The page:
UEFA president Michel Platini has claimed he is "afraid for the future of football", saying he believes it is "going pear-shaped" in some areas.
Problems appear to be growing across Europe, with Italy preparing for a player strike this weekend days after Spain resolved its own industrial dispute, while the match-fixing scandal in Turkey is growing with Fenerbahce this week excluded from the Champions League.
"I am worried," Platini said in the Guardian. "There are strikes in Italy and Spain over players not getting paid. There are my personal reservations, not UEFA's. Maybe this is the future of football."
He added: "I can see lots of red lights flashing and I am afraid for the future of football which is going pear-shaped in some areas."
The spectre of match-fixing is one of the greatest fears for governing bodies the world over, and Platini believes it is directly linked to the financial solvency of clubs and leagues.
"If a player is not being paid, and somebody comes along and offers money to fix a match, it is a danger," he said.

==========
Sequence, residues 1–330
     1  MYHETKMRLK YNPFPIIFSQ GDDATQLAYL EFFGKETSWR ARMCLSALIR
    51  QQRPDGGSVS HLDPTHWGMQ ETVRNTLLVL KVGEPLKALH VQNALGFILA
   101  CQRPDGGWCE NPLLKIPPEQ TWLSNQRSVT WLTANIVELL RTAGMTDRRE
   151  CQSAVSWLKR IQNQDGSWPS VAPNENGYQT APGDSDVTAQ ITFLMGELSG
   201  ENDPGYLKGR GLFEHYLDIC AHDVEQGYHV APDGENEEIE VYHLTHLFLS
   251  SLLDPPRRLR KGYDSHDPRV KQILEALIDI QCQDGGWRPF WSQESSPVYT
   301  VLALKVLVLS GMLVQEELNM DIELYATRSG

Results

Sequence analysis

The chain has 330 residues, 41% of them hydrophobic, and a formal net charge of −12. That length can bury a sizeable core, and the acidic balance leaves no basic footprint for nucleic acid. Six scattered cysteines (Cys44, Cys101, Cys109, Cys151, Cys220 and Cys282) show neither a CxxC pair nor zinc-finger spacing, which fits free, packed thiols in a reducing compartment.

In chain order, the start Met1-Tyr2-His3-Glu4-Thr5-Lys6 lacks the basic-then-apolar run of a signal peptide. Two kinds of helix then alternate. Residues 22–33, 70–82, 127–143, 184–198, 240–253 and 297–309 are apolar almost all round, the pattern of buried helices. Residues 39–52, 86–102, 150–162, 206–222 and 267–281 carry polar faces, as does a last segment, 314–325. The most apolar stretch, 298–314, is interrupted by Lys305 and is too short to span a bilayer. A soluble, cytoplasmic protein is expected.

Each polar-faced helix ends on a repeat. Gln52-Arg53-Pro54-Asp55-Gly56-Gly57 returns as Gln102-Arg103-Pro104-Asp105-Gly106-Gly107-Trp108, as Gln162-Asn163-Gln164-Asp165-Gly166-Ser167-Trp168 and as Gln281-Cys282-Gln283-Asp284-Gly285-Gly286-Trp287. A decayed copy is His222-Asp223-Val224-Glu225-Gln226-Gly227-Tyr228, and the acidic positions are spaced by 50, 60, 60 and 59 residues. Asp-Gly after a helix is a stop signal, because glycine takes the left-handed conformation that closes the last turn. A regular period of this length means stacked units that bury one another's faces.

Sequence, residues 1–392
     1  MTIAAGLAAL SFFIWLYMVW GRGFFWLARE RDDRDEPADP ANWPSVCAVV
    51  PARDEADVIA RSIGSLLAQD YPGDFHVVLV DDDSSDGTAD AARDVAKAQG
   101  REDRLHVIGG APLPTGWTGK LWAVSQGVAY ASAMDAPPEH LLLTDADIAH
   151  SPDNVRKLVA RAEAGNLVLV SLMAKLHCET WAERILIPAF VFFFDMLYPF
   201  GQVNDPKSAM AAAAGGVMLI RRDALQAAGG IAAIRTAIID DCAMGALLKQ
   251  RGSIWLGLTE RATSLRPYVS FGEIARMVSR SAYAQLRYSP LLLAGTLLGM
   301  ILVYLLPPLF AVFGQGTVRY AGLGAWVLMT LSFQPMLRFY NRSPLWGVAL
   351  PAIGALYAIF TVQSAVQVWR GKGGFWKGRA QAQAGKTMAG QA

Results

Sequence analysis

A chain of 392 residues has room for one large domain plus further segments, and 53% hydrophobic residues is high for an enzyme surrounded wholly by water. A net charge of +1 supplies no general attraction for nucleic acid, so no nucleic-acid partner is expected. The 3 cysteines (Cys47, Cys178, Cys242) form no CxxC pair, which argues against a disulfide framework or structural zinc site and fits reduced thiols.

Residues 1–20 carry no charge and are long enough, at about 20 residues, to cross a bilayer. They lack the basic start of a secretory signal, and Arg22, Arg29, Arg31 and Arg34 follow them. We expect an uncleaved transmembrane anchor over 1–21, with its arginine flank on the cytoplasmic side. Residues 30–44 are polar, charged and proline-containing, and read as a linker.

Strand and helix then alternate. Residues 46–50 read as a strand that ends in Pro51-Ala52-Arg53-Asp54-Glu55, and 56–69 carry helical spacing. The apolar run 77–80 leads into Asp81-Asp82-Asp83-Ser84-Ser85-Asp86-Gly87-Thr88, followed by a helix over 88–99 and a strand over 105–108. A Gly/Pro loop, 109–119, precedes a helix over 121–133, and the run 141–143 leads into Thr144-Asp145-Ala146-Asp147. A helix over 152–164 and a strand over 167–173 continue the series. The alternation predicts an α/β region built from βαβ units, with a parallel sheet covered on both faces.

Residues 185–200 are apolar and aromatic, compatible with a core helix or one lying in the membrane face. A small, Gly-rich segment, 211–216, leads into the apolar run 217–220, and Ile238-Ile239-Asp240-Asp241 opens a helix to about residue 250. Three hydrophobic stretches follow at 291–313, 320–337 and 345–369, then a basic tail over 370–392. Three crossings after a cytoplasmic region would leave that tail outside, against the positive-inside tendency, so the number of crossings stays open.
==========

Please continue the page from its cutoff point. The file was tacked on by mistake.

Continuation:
Platini is hopeful that his financial fair play rules, which come into force this season and require clubs to earn what they spend, will begin to right the ship, but accepts there is much work to do.
"There is no alternative," he said. "Clubs have to live within their means. We have to face up to match-fixing, corruption, illegal betting, violence on the pitch, racism and hooliganism. But we also need to send a message of hope."
The Frenchman is early in his second four-year term as UEFA president, having been re-elected this summer. But he says the job ahead of him will be tough.
"Football will always be played in the school yard, in the street," he said. "I'm worried about the future of professional football where there are lots of problems. We are here to protect clubs, not eliminate them."
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